Sunday, October 23, 2016

Layers of Fear

How do you cope with fear in mountainbiking?

Fear in mountainbiking is an odd thing. I constantly see different behavior regarding fear from the people I ride with, but there is a red line. I see a pattern of behavior. And my general theory is; pretty much everything can be predicted and/or categorized. So here goes; the different layers of fear in mountainbiking. Lets start of with a simple physiological look at what fear is:

Your amygdala is essential to your ability to feel certain emotions and to perceive them in other people. This includes fear and the many changes that it causes to the body. If you are looking down a huge drop, that you haven't ridden before, chances are that your amygdala is very active!

I have categorized fear in mountainbiking into 6 layers and named them;

-The Darwin-award seeker
-The first-mover
-The risk seeker
-The risk calculator
-The risk avoider
-The shell shocked

From the smallest amount of fear, to the biggest amount of fear, lets go:

The Darwin-award seeker
This is the "Bender" of the mtb scene. There are very few of these people, and for good reason; our brain is usually not seeking stunts that can cost us our life. The Darwin-award seeker is often lacking the self-preservation intuition that many of us have. This results in the biggest risk-taking in the sport. The darwin-award seeker does not necessarily have the skills to do the stunts they do. The Darwin-award seeker can sometimes be seen doing things on the bike, what others would categorize as downright "dumb". Oh, should you for some odd reason not know what a Darwin-award is, then go here.

Josh Bender is a good example of a darwin-award seeker. Take this drop he did; the gravel-landing was too soft, and his skills where questionable at best for stunts this size. I wonder; do these people feel fear, but don't recognize danger? Or do these people have a amygdala defect?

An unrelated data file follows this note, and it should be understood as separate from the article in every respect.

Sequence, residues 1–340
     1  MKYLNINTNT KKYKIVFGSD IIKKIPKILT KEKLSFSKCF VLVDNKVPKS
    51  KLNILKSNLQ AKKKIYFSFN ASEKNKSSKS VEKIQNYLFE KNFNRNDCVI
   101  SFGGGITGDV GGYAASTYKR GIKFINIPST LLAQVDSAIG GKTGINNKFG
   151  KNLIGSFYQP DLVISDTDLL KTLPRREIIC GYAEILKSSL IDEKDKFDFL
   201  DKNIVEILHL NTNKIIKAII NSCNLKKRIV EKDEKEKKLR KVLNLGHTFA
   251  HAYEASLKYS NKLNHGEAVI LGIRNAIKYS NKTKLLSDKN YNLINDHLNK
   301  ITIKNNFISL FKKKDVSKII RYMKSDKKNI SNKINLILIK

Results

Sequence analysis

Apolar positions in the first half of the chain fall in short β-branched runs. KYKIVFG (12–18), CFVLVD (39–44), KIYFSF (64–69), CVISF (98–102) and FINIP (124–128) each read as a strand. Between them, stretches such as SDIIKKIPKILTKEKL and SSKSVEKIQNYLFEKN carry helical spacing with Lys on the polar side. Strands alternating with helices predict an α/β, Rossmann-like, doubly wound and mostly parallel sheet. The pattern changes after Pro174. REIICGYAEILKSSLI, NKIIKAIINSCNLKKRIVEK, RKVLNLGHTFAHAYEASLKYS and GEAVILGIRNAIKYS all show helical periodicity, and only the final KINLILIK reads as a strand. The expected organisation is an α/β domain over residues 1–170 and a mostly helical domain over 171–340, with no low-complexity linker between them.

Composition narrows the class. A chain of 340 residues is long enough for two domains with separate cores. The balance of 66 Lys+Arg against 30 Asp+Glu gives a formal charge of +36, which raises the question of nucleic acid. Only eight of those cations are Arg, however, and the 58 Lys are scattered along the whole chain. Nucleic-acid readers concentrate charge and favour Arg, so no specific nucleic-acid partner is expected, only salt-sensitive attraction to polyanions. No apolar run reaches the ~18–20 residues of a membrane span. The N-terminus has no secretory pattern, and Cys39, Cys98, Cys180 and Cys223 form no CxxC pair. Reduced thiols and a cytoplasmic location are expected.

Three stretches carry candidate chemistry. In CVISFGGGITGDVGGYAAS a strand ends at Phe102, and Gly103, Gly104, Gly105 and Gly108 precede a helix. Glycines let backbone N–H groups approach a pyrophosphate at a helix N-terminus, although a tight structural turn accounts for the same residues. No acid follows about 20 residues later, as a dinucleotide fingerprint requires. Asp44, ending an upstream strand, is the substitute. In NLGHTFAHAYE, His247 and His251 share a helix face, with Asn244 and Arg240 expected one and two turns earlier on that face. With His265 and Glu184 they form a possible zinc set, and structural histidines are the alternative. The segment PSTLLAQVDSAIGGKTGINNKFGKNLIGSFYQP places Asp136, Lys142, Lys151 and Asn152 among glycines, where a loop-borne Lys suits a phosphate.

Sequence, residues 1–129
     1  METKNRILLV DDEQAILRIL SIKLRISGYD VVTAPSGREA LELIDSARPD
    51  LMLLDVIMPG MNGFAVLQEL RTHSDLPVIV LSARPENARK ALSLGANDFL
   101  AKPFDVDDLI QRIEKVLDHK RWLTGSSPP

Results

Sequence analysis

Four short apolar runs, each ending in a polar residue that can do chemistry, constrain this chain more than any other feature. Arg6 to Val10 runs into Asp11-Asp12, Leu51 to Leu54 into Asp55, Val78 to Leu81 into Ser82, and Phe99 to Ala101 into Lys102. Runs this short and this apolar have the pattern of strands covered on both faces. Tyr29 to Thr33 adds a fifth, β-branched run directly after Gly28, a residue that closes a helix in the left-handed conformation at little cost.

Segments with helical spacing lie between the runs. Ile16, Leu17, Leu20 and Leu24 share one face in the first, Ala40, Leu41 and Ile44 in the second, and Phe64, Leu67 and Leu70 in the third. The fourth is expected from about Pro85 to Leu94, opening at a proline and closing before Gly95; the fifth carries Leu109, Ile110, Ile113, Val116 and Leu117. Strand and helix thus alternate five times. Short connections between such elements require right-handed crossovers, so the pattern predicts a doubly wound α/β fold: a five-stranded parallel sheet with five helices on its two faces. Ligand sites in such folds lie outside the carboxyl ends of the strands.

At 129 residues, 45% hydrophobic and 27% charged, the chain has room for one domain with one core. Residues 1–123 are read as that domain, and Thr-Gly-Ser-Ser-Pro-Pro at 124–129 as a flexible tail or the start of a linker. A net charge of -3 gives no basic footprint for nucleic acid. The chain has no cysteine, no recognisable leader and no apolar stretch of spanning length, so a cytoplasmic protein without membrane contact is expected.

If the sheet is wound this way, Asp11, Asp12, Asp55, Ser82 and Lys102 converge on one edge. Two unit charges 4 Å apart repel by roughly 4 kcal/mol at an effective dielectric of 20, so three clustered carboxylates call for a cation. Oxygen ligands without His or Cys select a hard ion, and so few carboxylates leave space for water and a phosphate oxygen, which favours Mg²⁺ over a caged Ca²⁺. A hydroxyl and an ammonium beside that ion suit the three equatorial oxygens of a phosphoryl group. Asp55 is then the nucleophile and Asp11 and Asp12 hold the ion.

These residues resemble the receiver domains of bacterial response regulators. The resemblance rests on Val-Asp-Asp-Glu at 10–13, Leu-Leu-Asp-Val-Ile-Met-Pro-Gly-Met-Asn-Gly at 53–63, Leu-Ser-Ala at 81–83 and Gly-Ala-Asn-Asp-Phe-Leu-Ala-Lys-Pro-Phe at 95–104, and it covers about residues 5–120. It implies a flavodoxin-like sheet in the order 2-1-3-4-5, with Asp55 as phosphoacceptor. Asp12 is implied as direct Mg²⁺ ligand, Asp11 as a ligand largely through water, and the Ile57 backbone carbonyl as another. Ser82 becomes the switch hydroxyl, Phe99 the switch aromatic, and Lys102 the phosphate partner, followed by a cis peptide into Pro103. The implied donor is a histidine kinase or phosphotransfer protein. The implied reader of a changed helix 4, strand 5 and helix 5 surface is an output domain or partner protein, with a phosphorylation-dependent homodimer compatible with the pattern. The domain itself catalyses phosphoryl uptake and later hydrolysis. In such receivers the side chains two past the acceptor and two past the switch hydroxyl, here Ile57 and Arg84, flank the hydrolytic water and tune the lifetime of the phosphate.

(click to enlarge)
Often results in:

The first-mover
Not only are first-movers hitting big stuff, but they are also the fist ones to do it. This is the Redbull Rampage contender. This is the rider that builds and hits big stuff on the northshore BC, or in some secret spot in the French mountains, or in your local quarry on some sick high-risk line.
The first-mover go in...first. Fueled by confidence and technical skill, where others watch..they ride it. First-movers are often skilled builders as well. They are not without fear and a strong self-preservation intuition tho', the first-mover have limits, but they are way more gray-zoned.

Compared to the bender-drop above, this huge drop from Redbull Rampage is well designed, calculated (takeoff, landing and speed), and ridden by a rider with a very high skill set. However, he is the first one to ride it, despite the danger. Fear is present, but overcomed by technical skills, and confidence.
(click to enlarge)

The risk seeker
This is the category where most of my riding buddies sit. They definitely don't represent the majority (I will get to that later), but a lot of seasoned riders go into this category. This is the rider that gets thrills by seeking bigger and bigger stuff to hit. This rider loves bikeparks, and the challenges that await there. This rider can look at a big set of stairs, in some urban area, and think "I could hit that with my bike". The risk seeker is never satisfied, there is a continuous search, and need, for something a tad bigger. The risk seeker is rarely seen on a hardtail in tight spandex. They have a strong self-preservation sense, and a comfort-zone, but like to push both things. Fear and danger is flirted with.

So this pic sums up the risk seeker pretty good; Its all about hitting bigger and bigger stuff, new stuff, and a constant need for a self-challenge. All this while still being grounded by the "laws" of fear and self preservation.
(click to enlarge)

The risk calculator